The history of Woodbine began in 1891 with philanthropist Baron de Hirsch. Seeking to help the Jewish refugees fleeing persecution in eastern Europe, he established a fund to provide financial assistance. As part of these efforts, the Baron de Hirsch Fund purchased a tract of land in Dennis Township, Cape May County. The 5,300 acre purchase led to the clearing of land that eventually became the borough of Woodbine. 1 Per William Stainsby:
“Woodbine is located in Upper Township in the northwestern section of Cape May County; it is fifty-six miles from Philadelphia and twenty-five from Ocean City and Atlantic City. Two railroads-the West Jersey and Seashore and the South Jersey-give direct communication with the neighboring towns and with Philadelphia and New York.”2
With the help of agriculturist and chemist Hirsch Loeb Sabsovich, the settlers learned the most up-to-date agricultural processes.
Group of Woodbine Agricultural School students, Woodbine, New Jersey. Courtesy of American Jewish Historical Society, Baron de Hirsch Fund Records, 1870-1991.
As a place perfectly positioned near a network of railroad lines, the agricultural community in Woodbine forged a successful path to sustainability. Much like other farming communities in southern New Jersey, the land itself was uniquely suited for certain crops:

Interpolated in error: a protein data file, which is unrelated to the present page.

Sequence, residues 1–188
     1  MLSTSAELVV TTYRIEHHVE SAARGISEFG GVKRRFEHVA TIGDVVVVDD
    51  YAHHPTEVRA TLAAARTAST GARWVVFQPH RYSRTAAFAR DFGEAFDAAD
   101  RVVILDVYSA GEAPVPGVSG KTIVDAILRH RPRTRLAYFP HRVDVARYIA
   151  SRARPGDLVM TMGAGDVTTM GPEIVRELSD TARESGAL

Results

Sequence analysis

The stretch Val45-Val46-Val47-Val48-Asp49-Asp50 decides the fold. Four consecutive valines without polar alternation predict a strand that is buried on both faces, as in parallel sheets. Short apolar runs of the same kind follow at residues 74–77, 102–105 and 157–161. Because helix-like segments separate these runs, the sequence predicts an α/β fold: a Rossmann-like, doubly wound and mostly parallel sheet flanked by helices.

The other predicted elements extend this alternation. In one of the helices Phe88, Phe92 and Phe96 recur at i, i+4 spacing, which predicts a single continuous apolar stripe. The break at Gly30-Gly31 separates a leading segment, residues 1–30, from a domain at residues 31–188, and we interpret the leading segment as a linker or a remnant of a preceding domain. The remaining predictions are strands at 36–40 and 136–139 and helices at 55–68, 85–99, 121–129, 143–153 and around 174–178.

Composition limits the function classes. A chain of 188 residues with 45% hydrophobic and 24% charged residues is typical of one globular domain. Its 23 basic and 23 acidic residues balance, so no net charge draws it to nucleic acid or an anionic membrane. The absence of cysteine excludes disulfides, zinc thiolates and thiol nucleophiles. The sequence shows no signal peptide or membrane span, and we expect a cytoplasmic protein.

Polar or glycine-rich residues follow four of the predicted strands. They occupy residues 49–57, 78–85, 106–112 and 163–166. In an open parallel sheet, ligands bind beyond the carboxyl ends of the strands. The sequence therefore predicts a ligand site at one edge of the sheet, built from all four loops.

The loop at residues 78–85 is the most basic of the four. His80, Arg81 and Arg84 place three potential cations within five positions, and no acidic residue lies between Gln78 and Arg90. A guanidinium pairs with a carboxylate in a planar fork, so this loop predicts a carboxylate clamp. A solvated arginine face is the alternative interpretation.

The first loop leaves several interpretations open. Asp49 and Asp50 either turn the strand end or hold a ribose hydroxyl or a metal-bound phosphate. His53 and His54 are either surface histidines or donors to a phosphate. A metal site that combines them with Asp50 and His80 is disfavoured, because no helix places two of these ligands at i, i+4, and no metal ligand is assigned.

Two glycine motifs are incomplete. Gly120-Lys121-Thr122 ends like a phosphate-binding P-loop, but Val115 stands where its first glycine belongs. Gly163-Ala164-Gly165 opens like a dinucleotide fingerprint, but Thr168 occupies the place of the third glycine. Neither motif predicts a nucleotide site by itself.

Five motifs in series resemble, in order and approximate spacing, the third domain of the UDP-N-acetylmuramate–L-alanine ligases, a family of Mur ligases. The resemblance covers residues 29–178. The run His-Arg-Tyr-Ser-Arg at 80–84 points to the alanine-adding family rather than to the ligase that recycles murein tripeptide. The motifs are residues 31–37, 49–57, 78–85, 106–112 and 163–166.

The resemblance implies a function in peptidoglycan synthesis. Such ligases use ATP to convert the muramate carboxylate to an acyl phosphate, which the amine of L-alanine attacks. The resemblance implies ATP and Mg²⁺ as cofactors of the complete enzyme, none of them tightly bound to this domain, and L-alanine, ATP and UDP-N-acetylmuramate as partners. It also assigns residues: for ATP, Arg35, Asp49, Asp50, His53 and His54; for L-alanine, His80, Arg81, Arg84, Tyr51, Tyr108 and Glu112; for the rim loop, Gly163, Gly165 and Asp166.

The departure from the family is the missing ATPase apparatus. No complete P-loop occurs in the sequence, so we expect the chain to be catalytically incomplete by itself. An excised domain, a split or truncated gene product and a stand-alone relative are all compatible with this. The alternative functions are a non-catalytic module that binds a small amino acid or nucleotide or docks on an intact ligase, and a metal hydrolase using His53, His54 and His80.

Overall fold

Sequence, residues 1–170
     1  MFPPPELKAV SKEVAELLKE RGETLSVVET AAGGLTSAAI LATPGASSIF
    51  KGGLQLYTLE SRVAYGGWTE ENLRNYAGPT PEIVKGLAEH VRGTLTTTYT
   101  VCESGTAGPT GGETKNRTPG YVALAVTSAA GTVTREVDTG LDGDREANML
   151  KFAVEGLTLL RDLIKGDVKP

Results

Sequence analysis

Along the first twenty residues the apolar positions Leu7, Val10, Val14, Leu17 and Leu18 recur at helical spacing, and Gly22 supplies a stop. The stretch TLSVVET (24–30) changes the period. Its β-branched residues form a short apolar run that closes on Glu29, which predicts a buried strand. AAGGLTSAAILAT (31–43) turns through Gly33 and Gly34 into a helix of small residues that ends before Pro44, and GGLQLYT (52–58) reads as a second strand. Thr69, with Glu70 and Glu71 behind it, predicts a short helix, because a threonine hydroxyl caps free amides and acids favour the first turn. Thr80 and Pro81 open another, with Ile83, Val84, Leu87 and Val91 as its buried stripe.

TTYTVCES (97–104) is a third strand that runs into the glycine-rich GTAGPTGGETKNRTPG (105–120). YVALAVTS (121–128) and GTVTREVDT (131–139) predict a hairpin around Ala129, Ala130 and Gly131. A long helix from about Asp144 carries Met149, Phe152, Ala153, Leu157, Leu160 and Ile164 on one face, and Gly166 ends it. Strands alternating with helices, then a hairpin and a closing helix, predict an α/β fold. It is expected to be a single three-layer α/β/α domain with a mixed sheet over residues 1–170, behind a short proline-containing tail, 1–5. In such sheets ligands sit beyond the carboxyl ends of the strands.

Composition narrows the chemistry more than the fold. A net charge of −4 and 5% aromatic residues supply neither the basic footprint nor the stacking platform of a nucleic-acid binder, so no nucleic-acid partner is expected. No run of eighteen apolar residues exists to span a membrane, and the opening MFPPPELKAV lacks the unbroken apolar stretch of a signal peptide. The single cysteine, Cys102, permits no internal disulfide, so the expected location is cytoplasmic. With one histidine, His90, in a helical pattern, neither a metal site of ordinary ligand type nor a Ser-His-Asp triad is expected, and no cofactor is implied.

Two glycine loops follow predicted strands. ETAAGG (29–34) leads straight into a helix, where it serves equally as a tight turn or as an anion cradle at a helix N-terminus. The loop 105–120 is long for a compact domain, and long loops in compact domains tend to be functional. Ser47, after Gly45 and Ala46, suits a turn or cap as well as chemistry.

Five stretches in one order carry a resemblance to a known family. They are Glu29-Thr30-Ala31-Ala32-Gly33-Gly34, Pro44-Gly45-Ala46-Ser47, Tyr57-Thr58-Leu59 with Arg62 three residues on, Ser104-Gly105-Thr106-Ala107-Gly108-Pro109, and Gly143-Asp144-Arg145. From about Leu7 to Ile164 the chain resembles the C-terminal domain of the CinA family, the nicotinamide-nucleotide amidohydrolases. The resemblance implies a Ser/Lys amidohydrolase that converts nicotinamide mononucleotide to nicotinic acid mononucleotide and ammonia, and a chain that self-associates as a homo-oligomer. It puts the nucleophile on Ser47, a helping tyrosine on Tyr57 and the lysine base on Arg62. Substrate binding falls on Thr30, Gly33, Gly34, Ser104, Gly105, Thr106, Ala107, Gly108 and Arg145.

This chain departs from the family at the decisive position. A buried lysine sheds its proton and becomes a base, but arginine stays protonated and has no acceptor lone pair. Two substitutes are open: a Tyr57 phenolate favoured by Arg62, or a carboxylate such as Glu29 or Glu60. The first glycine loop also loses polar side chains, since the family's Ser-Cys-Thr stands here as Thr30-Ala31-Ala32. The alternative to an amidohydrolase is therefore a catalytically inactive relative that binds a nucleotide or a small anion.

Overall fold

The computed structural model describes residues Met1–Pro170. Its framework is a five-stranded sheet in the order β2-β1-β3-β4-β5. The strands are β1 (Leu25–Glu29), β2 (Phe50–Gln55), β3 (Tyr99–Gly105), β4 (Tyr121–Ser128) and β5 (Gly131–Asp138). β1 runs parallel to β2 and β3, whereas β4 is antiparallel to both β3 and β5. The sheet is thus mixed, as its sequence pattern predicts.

“The experiment of planting a colony in the bushland of South Jersey was certainly a bold one; to take the bush and woodlands, clear and subdue the soil and work it to productiveness and fruitfulness was a stupendous enterprise and required careful thought and planning, ceaseless and untiring activity and energy to produce satisfactory returns…The soil, naturally warm and level, is easily worked and when once cleared of stumps and roots is subject to easy drainage and well manures and fertilizers; it is rich in the mineral constituents though somewhat deficient in humus owing to the frequent forest fires…”3
Through the hard work and perseverance of the original settlers, Woodbine became the largest Jewish agricultural colony in southern New Jersey. As the agricultural side grew, the community continued to expand and have a lasting impact on the area.
1. “History of Woodbine,” Greater Woodbine Chamber of Commerce, accessed May 15, 2022, http://www.wccnj.org/wcwoodbinehistory.html.
2. William Stainsby, The Jewish Colonies of South Jersey: A Historical Sketch of their Establishment and Growth. Bureau of Statistics of New Jersey: Camden, 1901, republished (Galloway: South Jersey Culture and History Center Press, Stockton University, 2019), 17.
3. Stainsby, The Jewish Colonies of South Jersey, 17.
For more information about the history of Woodbine and the Jewish community there, see the Sam Azeez Museum of Woodbine Heritage.
Scroll through the images below for more on historic Woodbine and the Jewish community there.